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HomeFeaturesUpdate: More Pix of Dimmerman's World-Champ Phantom Sno Pro

Update: More Pix of Dimmerman’s World-Champ Phantom Sno Pro

Jim Dimmerman & Ted Nielsen with the Phantom

Here are some more photos of Dimmerman’s almost-restored 1984 World Championship Phantom. The photo above is Jim (L) and sled/team owner Ted Nielsen. Nielsen should be given huge credit for the decades of support he’s given high level snowmobile racing.


Jim Dimmerman's Phantom Sno Pro race sled will be restored for the 50th

The pix were shot a couple days ago at Nielsen Enterprises and illustrate how close this sled is to becoming a runner.


Jim Dimmerman's Phantom Sno Pro race sled will be restored for the 50th

To my eyes and emotional headquarters, seeing a naked race sled is as good as it gets. Every element is so purposeful, almost sacred. They reveal creativity, engineering, unique ideas and, in the case of sleds like the Phantom, the pinnacle of snowmobile development during a particular era.


Jim Dimmerman's Phantom Sno Pro race sled will be restored for the 50th

If ever there have been pix published of the Phantom without fiberglass, I don’t remember them. So I give a HUGE thanks to Jim for sending and sharing these.


Jim Dimmerman and the Nielsen family pose with Phantom

Here Jim and Ted are joined by Jeff and Christie Nielsen.

I had a long talk with Jim about his thoughts on whether the Phantom would be competitive with today’s top Champ sleds. In short, Jim thinks it would be.

Wouldn’t it be cool if Dimmerman built up another Phantom, based on an Arctic Cat Sno Pro with the Z-bar front end, and teamed up with his friend Aaron Scheele for some vintage oval racing?

Yeah, I think so too.

Truth be told, the idea isn’t mine. It’s Jim’s. Which is why he’s on the lookout for an Arctic Cat Sno Pro. Got any leads?



  1. Truly an amazing piece of history here when you consider that it was one of only a few sleds to race out of Arctic Enterprises in 81, the capable drivers that have driven it over the years, the race tracks it has competed at, that it has won a World Championship when the odds seemed stacked against it, etc, etc.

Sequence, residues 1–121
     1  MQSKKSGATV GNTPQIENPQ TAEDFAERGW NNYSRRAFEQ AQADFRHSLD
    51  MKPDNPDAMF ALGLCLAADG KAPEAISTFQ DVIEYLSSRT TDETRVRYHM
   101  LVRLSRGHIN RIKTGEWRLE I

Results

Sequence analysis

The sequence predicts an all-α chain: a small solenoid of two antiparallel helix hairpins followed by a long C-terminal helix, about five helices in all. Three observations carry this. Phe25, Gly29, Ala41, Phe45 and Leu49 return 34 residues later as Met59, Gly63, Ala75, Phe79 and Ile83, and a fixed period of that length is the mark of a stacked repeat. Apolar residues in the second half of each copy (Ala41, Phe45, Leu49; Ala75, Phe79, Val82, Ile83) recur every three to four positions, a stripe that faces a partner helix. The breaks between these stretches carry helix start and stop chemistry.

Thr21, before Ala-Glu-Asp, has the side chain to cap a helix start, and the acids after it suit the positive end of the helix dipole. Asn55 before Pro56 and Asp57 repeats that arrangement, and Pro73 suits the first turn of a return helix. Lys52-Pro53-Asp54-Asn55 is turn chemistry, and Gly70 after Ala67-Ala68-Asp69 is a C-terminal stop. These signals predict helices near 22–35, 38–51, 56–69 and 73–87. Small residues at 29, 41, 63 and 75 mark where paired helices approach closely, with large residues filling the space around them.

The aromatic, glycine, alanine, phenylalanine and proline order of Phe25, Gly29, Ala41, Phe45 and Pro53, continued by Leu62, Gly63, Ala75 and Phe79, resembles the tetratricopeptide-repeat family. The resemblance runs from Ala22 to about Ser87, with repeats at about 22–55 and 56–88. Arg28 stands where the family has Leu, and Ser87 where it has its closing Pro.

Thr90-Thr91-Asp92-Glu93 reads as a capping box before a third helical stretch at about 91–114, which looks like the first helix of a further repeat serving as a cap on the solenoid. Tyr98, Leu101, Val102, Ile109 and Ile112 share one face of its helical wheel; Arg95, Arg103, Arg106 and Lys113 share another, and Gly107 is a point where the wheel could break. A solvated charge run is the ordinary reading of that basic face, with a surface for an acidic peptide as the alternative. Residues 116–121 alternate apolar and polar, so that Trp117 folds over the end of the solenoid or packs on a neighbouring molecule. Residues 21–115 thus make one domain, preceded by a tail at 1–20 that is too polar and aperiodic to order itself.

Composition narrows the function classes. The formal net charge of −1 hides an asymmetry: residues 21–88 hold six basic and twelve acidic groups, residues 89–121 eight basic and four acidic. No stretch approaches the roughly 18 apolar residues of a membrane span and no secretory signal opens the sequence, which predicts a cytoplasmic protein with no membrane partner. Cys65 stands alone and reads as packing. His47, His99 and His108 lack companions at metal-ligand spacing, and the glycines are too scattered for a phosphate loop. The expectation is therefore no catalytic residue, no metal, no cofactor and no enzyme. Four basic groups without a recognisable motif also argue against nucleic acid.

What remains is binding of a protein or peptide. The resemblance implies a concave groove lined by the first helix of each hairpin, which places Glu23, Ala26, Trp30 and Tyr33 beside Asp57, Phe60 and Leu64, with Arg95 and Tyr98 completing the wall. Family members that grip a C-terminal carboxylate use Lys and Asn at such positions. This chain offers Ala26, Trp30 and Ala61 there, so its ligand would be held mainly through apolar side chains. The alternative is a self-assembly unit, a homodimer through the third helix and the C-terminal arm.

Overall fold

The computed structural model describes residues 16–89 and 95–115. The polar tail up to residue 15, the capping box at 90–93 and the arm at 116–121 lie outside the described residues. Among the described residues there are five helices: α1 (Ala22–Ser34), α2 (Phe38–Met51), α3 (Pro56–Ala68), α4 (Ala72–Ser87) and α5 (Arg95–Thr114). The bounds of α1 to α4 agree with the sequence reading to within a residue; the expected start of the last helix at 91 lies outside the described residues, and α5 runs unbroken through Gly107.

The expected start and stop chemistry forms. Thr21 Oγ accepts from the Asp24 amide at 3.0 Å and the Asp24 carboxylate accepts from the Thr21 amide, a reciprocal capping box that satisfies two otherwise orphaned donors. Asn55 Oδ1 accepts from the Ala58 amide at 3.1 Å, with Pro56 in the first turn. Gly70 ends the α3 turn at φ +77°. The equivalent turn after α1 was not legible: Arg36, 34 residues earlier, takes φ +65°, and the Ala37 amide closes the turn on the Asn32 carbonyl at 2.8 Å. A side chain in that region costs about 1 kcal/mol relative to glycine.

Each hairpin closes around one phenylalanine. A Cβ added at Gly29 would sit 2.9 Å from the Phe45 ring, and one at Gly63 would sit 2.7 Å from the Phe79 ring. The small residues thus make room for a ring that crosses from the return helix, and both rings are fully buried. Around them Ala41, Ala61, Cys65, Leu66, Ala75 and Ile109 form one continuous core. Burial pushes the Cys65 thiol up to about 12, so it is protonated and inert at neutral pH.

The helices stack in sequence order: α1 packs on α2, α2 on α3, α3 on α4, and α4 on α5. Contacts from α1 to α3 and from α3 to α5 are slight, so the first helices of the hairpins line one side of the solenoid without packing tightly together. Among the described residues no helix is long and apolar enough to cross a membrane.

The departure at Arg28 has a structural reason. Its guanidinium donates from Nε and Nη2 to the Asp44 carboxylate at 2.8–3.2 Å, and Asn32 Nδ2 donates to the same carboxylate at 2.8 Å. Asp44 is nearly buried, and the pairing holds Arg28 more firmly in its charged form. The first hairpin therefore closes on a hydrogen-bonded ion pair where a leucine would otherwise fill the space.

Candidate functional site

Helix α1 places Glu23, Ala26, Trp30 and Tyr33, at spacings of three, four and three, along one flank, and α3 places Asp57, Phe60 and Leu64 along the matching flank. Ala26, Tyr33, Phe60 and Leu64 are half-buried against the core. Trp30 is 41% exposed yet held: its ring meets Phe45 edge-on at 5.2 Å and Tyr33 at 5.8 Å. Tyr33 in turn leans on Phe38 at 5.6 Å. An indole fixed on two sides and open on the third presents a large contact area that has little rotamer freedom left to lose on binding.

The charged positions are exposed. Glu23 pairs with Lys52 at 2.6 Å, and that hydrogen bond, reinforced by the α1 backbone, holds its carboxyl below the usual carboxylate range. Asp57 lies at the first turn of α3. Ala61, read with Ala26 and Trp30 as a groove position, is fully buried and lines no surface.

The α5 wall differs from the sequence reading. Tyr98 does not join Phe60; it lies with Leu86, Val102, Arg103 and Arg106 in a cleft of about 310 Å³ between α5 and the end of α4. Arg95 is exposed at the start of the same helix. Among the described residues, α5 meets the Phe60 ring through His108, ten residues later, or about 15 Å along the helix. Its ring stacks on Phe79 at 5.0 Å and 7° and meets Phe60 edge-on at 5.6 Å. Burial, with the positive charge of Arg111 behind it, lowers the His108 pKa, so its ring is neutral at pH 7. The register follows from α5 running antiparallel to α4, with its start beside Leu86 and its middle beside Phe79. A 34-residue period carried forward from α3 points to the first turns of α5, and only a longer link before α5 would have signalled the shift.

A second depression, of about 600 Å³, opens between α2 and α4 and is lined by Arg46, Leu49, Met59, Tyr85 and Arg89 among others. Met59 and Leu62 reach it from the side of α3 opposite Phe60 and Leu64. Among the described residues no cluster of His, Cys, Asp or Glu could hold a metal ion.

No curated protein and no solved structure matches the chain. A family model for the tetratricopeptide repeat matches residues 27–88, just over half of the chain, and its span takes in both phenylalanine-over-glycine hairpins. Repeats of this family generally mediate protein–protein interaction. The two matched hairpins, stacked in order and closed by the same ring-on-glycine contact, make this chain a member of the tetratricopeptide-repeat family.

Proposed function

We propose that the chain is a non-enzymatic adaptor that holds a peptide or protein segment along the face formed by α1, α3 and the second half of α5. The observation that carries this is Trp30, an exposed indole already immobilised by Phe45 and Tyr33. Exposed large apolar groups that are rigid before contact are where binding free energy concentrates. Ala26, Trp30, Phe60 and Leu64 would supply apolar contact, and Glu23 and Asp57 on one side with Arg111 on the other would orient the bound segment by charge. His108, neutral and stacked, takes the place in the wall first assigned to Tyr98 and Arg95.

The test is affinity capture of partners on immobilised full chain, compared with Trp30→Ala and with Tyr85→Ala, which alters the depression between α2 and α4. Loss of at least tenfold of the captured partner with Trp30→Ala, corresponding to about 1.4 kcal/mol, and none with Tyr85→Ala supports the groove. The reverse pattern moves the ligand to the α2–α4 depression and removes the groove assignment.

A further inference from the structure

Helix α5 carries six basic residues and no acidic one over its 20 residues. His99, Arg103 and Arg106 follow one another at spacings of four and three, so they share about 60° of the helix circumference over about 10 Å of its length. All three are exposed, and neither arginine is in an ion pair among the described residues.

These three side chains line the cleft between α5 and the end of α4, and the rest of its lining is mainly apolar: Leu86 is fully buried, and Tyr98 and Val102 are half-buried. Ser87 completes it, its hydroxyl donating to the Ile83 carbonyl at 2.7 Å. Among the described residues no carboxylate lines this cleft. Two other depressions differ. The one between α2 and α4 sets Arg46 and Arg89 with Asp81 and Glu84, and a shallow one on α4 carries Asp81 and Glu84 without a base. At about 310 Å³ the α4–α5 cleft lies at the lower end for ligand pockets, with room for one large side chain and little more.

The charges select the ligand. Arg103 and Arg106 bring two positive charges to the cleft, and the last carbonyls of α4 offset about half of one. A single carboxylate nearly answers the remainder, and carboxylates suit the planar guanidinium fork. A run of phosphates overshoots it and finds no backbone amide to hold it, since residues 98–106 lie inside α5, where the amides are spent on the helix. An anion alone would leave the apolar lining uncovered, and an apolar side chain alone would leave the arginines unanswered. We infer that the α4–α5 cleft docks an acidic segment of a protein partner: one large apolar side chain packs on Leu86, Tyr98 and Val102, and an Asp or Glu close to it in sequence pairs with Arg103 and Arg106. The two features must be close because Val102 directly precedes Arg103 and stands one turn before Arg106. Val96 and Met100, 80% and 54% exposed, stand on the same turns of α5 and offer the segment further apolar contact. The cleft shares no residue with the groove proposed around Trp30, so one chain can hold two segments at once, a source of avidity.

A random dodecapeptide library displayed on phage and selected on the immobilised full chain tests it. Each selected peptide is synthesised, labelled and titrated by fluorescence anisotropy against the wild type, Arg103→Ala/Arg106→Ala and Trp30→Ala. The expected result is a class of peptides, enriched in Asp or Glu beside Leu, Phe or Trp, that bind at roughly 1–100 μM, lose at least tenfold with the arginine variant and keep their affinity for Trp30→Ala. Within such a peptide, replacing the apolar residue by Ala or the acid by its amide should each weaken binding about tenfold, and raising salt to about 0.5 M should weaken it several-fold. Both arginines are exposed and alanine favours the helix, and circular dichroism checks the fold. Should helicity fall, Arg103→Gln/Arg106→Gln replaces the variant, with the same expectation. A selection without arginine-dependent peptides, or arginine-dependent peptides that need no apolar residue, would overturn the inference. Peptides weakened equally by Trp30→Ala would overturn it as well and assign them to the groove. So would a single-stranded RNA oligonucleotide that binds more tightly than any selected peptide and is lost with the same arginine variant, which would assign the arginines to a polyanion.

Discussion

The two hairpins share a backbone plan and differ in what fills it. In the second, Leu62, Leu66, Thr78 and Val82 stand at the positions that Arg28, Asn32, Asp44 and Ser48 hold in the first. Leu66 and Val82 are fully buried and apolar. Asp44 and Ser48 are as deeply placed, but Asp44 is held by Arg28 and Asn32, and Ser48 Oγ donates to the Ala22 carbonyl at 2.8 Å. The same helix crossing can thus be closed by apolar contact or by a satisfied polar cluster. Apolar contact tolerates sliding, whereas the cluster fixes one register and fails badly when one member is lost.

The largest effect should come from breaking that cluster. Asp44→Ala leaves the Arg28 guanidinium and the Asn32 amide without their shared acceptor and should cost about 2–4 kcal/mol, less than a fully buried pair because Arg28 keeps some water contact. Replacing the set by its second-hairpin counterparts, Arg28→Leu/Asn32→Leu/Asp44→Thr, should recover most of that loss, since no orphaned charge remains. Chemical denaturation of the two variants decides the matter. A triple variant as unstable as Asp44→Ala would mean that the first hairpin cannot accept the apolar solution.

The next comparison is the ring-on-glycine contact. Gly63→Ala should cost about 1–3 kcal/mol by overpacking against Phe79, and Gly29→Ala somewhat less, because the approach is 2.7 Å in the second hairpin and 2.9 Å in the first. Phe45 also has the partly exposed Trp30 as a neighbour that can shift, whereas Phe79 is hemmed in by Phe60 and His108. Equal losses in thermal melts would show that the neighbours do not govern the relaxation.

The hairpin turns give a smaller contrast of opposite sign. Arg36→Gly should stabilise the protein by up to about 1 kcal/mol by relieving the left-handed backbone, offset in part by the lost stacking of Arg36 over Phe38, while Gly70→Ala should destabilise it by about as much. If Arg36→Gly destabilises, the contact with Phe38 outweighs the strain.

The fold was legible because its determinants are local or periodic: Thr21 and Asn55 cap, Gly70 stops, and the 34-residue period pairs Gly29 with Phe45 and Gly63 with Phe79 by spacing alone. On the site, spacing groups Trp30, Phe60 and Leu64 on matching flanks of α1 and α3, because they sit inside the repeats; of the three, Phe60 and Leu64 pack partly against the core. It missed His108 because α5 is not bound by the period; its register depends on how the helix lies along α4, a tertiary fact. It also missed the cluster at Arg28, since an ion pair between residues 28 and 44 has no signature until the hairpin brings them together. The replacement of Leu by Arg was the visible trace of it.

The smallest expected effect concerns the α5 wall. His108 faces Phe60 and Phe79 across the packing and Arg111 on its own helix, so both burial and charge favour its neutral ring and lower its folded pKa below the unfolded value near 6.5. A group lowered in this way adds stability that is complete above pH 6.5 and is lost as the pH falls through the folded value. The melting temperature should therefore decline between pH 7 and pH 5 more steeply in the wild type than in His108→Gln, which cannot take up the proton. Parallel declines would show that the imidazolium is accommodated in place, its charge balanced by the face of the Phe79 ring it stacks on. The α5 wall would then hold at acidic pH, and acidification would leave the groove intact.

How ever much you are paying Jim for these photos John, it is worth every penny 🙂

  2. Whoa, so Dimmerman’s sled was Rotax powered? And he won with RAVE valves the year before Gingras “officially” won with RAVE valves? Who knew? Since the engine was Rotax and the chassis “Phantom,” does this mean Elsner was really the last to win on an Arctic Cat in ’79 until P.J. Won in 2001 and not Dimmerman like magazines such as Snow Week claimed?

  3. I don’t remember it being a secret that Dimmerman ran Rotax on the Phantom, just like it wasn’t a secret that Dave Wahl ran Rotax those same years. I’m pretty sure Snow Week reported it accurately back then, although it’s been a while since I read that issue.

    The Phantom chassis was an Arctic Cat Sno Pro. The engine was Rotax. We’ll get Dimmerman to confirm, but I’m pretty sure he used a Polaris driven clutch. And the day he won the World Champs, he was wearing John Deere underwear.

    Also something Dimmer needs to confirm: the RAVE-equipped Rotax shown in the sled here was the engine he used in 1986, his last season. No RAVE for him in 1984. Maybe he’ll also tell the story of how he obtained the RAVE-Rotax for 1986…LOL!

    To me, what is so cool about Dimmerman’s win in ’84 was the fact that he was an independent who beat the factory powerhouse (Ski-Doo). And that he did it with a 3-year old single-track machine against the twin-trackers. It was the last single-track victory of the era.

    I alluded to it on the other post, but there’s even more compelling history about this sled that might get shared.

  4. Damn the age of digital photography…You guys sure are sticklers for detail! I will set the record straight when I get back from a couple of errands…

  5. Man, these updates are perfect! And I think my jaw actually dropped when I read the last paragraph…even if 1/2 comes true. For us that never had a chance to see the sled in true race from at a WC race what a great chance this will be. It would be interesting to hear something from Skime on the Phantom, if I remember, Dimmermans HOF speach ‘sorta-kinda’ eluded to Skime (and Decker) being the reason he was matched with Cat/ Phantom racing. Could be wrong!